Tuesday, September 15, 2009

A Tennis Moral High Horse

So the US Open concluded last night after a weekend of rainouts. The men's final saw the end of Roger Federer's incredible win streak of 40 matches come to an end to a 20 year-old from Argentina in Juan Martin del Potro. As much as Amy's devotion to R-Fed can rival my allegiance to UK athletics -- in other words, fanatical -- I have to admit he is one gracious guy and a heck of a champion. And this shot in the semis against Novak Djokovic is one of the best tennis shots I have ever seen.

Federer did get uncharacteristically perturbed at one point and actually cursed at the chair umpire over del Potro's late challenges. But given the verbal assault that Serena Williams put on the poor linesperson from her semifinal on Saturday, Federer's outburst was incredibly tame.

Amy & I talked a good deal about the Serena tirade. For both of us it will be hard to pull for her again as a tennis player. Even though she has always been less than gracious to her opponents, Serena seemed to have grown up over the past couple of years. Until Saturday anyway...

The problem I have with the Serena situation is not so much the outburst, but the complete lack of contrition she showed until 2 days after the event -- when it was obvious that the media and fans had begun to backlash against her. Only then did she come out and apologize for her actions.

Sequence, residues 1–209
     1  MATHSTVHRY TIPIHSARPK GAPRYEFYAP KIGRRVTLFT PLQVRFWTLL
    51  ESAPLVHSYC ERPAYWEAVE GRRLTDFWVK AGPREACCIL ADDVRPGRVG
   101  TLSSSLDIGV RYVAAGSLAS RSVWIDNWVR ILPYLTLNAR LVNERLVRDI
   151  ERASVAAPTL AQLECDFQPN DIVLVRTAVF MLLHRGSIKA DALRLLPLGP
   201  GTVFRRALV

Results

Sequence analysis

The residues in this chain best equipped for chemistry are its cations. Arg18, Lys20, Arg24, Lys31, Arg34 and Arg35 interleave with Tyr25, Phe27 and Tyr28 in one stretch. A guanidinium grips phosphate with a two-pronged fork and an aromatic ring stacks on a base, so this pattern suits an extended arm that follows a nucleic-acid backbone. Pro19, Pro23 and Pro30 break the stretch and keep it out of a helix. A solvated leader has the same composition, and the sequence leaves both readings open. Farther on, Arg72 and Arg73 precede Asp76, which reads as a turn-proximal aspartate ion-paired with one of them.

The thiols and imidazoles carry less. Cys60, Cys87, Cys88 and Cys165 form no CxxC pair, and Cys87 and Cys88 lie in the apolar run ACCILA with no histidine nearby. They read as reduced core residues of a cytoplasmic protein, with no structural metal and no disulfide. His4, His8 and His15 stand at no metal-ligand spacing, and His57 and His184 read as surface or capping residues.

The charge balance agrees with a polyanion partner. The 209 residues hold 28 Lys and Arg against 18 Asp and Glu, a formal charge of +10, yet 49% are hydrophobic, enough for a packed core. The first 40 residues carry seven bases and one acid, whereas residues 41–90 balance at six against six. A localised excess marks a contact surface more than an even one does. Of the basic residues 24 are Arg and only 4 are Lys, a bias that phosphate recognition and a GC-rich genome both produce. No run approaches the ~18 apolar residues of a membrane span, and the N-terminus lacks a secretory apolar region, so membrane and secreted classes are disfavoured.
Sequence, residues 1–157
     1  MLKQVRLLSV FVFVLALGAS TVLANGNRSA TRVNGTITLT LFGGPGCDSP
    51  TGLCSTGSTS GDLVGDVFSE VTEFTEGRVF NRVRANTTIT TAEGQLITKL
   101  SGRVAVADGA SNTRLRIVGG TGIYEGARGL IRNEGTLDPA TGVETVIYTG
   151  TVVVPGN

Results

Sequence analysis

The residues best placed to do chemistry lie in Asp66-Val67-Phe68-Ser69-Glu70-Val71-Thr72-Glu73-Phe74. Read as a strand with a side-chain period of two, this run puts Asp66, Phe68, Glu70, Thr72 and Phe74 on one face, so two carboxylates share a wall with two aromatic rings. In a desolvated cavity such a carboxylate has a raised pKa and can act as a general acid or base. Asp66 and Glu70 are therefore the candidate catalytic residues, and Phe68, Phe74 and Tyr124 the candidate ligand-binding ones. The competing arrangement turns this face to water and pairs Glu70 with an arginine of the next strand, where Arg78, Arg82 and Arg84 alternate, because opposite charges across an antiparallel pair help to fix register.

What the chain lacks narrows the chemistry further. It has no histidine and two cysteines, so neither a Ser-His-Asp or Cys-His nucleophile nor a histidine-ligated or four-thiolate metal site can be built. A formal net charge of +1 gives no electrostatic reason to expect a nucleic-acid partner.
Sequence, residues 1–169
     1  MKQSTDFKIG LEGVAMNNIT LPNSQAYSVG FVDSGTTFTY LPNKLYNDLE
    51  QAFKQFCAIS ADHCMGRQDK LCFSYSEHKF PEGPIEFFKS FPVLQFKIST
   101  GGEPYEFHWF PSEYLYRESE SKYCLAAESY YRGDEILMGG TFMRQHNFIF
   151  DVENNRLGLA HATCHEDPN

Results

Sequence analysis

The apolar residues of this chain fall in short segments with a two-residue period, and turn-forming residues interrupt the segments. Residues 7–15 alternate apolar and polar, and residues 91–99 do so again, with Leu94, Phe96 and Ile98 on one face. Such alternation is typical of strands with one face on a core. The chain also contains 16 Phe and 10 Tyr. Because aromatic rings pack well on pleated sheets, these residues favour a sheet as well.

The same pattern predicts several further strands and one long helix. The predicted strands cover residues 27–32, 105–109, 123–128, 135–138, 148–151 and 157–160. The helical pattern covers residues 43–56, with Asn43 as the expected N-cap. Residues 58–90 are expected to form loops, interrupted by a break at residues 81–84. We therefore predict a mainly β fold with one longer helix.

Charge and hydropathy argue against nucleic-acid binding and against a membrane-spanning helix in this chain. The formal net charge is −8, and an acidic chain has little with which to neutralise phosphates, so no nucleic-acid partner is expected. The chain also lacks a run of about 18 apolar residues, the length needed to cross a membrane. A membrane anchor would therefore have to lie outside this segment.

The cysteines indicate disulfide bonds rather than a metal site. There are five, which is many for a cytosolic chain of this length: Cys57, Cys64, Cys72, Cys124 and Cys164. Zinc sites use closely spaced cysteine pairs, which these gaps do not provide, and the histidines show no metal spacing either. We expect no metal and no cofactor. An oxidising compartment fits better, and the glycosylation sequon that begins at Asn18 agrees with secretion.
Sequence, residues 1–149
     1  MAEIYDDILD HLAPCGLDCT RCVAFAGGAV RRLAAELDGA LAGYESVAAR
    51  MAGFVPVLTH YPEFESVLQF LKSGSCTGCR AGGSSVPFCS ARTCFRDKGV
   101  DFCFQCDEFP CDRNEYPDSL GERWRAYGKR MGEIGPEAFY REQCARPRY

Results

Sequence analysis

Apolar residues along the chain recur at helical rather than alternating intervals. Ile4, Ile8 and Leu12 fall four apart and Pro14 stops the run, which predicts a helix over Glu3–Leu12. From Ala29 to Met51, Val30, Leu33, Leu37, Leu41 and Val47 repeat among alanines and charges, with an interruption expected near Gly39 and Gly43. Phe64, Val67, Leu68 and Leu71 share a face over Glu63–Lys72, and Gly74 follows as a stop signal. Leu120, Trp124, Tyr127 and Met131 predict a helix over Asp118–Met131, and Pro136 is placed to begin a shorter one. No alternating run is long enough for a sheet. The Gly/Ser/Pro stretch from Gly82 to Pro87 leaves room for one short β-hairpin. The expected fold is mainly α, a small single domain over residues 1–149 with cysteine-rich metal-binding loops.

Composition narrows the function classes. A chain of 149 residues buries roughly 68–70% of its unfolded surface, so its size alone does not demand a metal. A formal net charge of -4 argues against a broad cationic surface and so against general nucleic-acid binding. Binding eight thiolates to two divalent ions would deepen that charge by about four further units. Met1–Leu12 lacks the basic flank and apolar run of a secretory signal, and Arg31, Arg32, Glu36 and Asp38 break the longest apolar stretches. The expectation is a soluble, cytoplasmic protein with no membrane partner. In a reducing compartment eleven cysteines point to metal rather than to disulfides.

I don't mean to sound like an old curmudgeon. Nor do I like to give too much credence to the argument that our culture and society are going down the toilet. I think part of it is that times change, attitudes change, and we are slow sometimes to accept change.

But the Serena tirade, the Joe Wilson classless outburst during Obama's speech last week, and the Kanye West incident at the MTV Music Awards this week all have one thing in common -- an attitude that only takes oneself into consideration and not others. So even if we are not going down the toilet, there is certainly a lack of respect that is bothersome.

GJ called the house last night to mention that Charlie Gibson had a piece on ABC News last night about this very issue. Today, David Brooks echoes some of the same points in his column that bemoans the lack of modesty in our culture today, contrasting it with 1945 after Americans remained humble despite being victorious in WWII.

I suppose people have been complaining about the eroding respect for other people for generations. And I imagine everyone has his/her own opinion on what the solution is to turn attitudes around. For me, a starting point is teaching my kids not to tell an official in a sporting event that they'll shove an f'ng ball down the official's f'ng throat when a call doesn't go their way.

(Stepping down from soapbox now.)


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